November 22, 2023

If blockchain projects sold cars: Facts vs. feelings in Web3 marketing

But the masses — your main audience — don’t care about how it works. They care about how it meets their needs. Let’s take a look at the car industry as an example to see what we mean. When carmakers reach out to their audiences, what are they projecting?

If you look closely enough at the Web3 sector through a marketer’s lens, you begin to see a fundamental mismatch between how blockchain and crypto projects market themselves and how effective brands do it in the real world.

Let’s take a look at the car industry as an example to see what I mean. When carmakers reach out to their audiences, what are they projecting?

Here are a few examples of the first words that jump out from the main web pages of household name car firms.

  • Volvo: Freedom, sustainability and safety
  • BMW: Design, luxury and sustainable mobility
  • Peugeot: Irresistible, fun and elegant

The visuals we see in car ads are similarly conceptual and yet highly evocative. Open roads and big skies show freedom. Green landscapes denote sustainability. Bright colors shout fun and youthful irreverence. Smooth lines and glossy surfaces speak to design, luxury and timeless elegance.

How car marketing isn’t done

Here are some messages that aren’t ever featured in car branding or that you’ll typically see anywhere in the main marketing touchpoints:

  • The many applications of the car, such as how you can use it in daily life to get to work or do your shopping
  • The locks, security and the track record of car thefts for this model
  • How the car manufacturer organizes and governs itself, who owns shares in it or how those shares are distributed
  • The relative merits of cars when compared to horses, bicycles or any other inferior/preceding method of transportation
  • The fact that the car can move around on the same roads as other cars and (this is the kicker) as a passenger, you can easily get out of one car and into another seamlessly — without friction
  • The market for fuel and how volatile it is
  • How your fuel costs are calculated and who benefits from the fuel transactions
  • How easy it is for mechanics to repair it and get parts for it, or for third parties to build add-ons like a new sound system or roof box.

I’ve chosen cars here, but we could analyze virtually any segment and the results would be the same.

A stark contrast

On the one hand, we have an industry that understands the inherent symbiosis between offering and branding, and the industry knows how to leverage that symbiosis for maximum psychological effect. The very design of the product (in this case, the car) reflects the brand that the company is trying to convey for that model, and the brand messages are consistent throughout each touchpoint. It’s all engineered to invoke the same emotional response and meet the same set of human needs through clear positioning. Every time — no matter where you encounter the brand.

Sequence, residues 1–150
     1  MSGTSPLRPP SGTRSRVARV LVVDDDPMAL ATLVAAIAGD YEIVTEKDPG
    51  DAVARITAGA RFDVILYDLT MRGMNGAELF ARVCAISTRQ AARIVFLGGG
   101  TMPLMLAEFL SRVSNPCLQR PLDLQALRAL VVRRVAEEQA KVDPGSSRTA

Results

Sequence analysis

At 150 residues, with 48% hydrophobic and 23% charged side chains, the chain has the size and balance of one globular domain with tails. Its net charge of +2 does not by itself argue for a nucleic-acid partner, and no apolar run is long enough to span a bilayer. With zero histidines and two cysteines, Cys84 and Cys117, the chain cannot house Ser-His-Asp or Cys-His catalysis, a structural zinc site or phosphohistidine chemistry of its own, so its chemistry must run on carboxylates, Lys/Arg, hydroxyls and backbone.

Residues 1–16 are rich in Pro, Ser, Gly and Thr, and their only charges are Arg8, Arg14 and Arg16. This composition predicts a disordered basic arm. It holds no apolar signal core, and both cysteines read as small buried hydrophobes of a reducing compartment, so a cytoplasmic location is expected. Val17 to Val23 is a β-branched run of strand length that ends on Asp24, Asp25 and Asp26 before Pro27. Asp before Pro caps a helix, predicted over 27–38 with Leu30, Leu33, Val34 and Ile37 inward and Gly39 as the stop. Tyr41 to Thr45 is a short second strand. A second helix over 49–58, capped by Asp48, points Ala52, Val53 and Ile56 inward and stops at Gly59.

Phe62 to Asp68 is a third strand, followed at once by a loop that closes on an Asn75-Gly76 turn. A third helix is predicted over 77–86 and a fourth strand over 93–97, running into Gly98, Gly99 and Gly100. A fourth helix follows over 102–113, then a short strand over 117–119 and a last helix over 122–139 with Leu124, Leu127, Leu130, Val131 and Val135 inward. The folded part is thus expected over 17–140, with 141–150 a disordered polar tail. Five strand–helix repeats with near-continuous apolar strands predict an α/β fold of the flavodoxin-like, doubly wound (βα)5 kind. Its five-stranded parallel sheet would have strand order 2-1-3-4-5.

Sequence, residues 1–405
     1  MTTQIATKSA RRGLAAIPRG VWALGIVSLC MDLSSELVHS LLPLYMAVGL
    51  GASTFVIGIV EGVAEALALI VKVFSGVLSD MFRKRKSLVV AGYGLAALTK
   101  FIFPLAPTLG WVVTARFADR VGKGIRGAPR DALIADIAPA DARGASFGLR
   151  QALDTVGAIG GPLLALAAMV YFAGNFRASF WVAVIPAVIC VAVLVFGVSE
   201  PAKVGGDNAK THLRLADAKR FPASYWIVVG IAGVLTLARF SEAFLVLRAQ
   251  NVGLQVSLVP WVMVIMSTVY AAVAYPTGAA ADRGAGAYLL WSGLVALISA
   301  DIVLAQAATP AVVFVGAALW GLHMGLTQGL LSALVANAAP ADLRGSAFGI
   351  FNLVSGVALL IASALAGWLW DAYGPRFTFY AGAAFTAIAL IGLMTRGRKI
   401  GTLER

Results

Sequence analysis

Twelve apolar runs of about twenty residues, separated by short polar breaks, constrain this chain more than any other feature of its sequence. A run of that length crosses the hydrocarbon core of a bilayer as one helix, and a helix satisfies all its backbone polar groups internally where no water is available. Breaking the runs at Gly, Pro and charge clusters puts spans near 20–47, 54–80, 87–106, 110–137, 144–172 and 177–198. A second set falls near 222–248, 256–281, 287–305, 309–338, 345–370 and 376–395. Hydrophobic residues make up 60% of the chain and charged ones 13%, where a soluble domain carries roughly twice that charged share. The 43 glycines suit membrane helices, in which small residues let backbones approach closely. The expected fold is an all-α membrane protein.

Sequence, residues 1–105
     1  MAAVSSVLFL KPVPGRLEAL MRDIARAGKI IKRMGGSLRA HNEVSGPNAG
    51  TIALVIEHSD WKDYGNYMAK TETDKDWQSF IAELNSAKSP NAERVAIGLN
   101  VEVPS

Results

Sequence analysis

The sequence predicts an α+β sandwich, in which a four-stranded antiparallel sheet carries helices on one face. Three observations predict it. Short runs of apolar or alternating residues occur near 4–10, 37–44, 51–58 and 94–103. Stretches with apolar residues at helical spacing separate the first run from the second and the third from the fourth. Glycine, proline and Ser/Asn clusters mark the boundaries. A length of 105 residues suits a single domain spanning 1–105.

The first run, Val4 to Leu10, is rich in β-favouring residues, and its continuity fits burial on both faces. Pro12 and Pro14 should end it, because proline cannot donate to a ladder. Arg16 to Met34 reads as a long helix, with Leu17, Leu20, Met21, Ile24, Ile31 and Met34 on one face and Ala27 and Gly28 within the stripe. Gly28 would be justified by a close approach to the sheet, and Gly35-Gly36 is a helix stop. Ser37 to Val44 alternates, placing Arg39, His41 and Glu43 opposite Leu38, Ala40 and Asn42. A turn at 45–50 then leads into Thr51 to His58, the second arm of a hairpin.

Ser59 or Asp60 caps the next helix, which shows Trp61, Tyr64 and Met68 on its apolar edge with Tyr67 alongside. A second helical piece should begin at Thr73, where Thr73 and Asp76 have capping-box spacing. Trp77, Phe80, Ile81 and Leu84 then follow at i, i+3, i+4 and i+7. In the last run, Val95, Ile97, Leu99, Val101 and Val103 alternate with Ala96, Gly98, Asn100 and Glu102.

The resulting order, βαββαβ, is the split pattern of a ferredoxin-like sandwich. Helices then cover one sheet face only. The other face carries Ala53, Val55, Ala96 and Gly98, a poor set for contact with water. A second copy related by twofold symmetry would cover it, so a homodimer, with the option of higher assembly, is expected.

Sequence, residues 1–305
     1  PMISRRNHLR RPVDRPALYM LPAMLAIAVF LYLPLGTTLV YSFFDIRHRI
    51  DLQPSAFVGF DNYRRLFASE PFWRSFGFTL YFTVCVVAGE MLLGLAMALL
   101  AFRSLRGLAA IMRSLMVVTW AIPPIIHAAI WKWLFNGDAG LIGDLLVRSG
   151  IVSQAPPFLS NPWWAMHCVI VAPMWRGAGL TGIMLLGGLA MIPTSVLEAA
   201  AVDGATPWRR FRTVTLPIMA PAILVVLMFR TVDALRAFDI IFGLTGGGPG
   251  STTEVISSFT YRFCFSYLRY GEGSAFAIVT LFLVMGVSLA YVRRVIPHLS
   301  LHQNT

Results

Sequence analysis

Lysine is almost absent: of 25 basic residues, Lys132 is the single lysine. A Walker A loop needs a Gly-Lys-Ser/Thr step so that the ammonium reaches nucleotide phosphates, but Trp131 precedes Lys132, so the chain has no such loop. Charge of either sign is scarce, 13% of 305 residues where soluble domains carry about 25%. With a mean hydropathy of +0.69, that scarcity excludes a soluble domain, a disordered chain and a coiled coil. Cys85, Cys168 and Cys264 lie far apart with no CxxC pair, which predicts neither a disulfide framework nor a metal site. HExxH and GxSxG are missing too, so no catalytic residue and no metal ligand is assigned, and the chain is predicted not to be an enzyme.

On the other hand, we have an emerging (and — let’s be honest — often struggling to be heard) Web3 industry that’s trying too hard to push obscure selling points that nobody is buying. The emotional response to a brand isn’t an optional extra that can be navigated around using arguments about superior tech or governance — no matter how rational those arguments may be. People need to care, and they need to care enough in that tiny split second it takes to decide whether to say “yes” or “no.”

In that tiny moment, only a few people care about the technical superiority, the transactions per second, the robust governance model or the high-security consensus. But, those factors aren’t enough for the vast majority of people to become emotionally invested.

Finding the emotional levers: Responding to human needs

So how do you know what people are buying? What’s driving them to make that emotional leap? What needs are they seeking to satisfy when they come looking for your offering?

Well, you could ask them.

We live in a world awash with data and the easy ability to collect as much of it as we wish. Market research is simply a matter of going out and asking the right questions.

If you already have a live product or a service, find out from your existing customers why they’re a fan of your product. What is it exactly that they love? A slick user interface? Excellent value for the money? Time-saving capabilities? World-class, white-glove customer service?

Similarly, if you’re looking to launch, find ways to get answers to these questions about a hypothetical product. Carry out polls and create tests. Use bogus landing pages to see what people click on.

But, the real answers you seek will lie a layer deeper. What’s behind those decisions? How do people respond to your brand, and why do they like it? How does it make them feel? Rich? Safe? Generous? Included? Frivolous? Like a winner?

And which of their needs are these feelings satisfying? Simplicity or sophistication? Safety or disruption?

Figure out the emotional payback and you’ve worked out how to connect with your audience.

So, my key message for Web3 operators is to keep the tech focus behind the scenes where it belongs. Just like in the world of cars, there will be a niche audience of hardcore fans who care about it enough to peek behind the curtain.

But the masses — your main audience — don’t care about how it works. They care about how it meets their needs. So, focus on how you’re able to meet those needs by delivering a familiar, reliable emotional response with your unerring brand consistency.

People might tell you they deal with facts rather than feelings, but don’t be fooled. The carmakers aren’t.

This article was first published on Cointelegraph Innovation Circle

Photo by Tim Mossholder on Unsplash

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